John Sparks: Founders’ wisdom on Senate still works today |
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John Sparks: Founders’ wisdom on Senate still works today


Periodically, those who do not think the U.S. Constitution is “democratic” enough set out to repudiate that document’s genius. The Electoral College is often the recipient of such attacks. The most recent constitutional provision to be called into question is Article I, section 3: “the Senate of the United State shall be composed of two Senators from each state.”

Professor Eric Orts of the Wharton School complains in a recent article in The Atlantic: “Today the voting power of a citizen in Wyoming, the smallest state in terms of population, is about 67 times that of a citizen in the largest state of California … the situation is untenable.”

Orts proposes a plan in which every state would get one senator out of the senatorial seats available (which under his scheme would have to be increased to 110 from the current 100), and the rest would be apportioned according to population. Under the Orts plan, California would get 12 senators instead of its current two, for example.

What is objectionable about this proposal? First, it fails to recognize that one of the reasons the Constitution has been protective of liberty is because it was not intended to be purely democratic. Political theorists call it “mixed government.” The Founders combined the strengths of various ancient governmental forms — democracy, aristocracy and monarchy. They gave “monarch-like” powers, such as the veto and the pardoning power, to the president. They made other parts of the government, like the federal judiciary, much more “aristocratic.” Federal judges are appointed, not elected, and serve for life.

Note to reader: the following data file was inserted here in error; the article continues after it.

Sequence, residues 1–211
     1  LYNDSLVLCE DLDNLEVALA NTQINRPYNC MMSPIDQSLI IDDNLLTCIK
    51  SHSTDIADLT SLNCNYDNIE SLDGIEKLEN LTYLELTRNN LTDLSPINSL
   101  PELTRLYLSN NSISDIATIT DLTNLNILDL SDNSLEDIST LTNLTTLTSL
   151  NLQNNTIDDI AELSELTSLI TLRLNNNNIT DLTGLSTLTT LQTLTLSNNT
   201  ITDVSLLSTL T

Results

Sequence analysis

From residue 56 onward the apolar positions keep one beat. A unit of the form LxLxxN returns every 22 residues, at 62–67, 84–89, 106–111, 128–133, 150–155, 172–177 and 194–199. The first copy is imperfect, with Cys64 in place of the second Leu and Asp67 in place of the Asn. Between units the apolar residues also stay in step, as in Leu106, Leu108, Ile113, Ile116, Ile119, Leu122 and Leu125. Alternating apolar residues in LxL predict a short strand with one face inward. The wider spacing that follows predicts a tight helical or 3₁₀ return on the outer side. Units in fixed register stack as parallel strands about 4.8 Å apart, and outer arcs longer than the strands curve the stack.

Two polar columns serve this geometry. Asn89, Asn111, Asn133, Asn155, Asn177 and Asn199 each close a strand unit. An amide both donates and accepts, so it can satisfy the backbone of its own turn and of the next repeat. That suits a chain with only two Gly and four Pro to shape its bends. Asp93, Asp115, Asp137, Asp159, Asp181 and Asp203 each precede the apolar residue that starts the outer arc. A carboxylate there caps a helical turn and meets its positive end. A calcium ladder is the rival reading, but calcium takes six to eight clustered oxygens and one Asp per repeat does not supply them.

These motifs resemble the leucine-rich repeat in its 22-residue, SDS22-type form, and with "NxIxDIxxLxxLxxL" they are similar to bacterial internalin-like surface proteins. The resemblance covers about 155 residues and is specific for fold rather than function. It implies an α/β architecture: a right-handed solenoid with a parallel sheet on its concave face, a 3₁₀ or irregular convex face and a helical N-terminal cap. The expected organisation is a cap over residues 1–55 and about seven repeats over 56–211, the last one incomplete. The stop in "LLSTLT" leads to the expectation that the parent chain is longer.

When it came to the legislative branch, the Founders created one legislative body (the House) which is more “democratic.” Large populous states like California have many representatives — 53 currently for California — while Montana, Wyoming and even the largest state in geographic size, Alaska, each have only one representative. In the House, more citizens equal more representatives.

The other legislative body, the Senate, was intentionally constituted differently. It is not directly representative of the people but of the states, which means that each state has equal representation in the person of its two senators. Madison said in Federalist No. 58: “… one branch of the legislature is a representation of citizens; the other of the states: in the former, consequently the larger states will have most weight; in the latter, the advantage will be in favor of the smaller states.”

Even an elementary student of American politics knows that this distinction between the House and the Senate was wrought by the Great Compromise between the large, more populous states and the small states. If it had not been reached in Philadelphia in the summer of 1787, an impasse might well have disrupted the Union of the Several States indefinitely. In fact, this compromise was deemed so important to the formation of a union that another provision protects its perpetuation, which brings us to yet another obstacle to Orts’ proposal — Article V of the Constitution.

In Article V, the Founders identified the only provision in the Constitution which is perpetually exempted from Amendment: “… no state, without its consent, shall be deprived of its equal suffrage (voting power) in the Senate.” That statement unambiguously protects the Great Compromise from being undone by the amendment process, or any other process. Orts’ proposal defies the explicit language of Article V. Only the most radical “living Constitution” proponent could manage to misconstrue that language.

Orts’ proposal would deny the political wisdom of the Founders and the reasons for the Great Compromise, and undo one of the bulwarks against the tyranny of the majority — equal representation of the states in the Senate.

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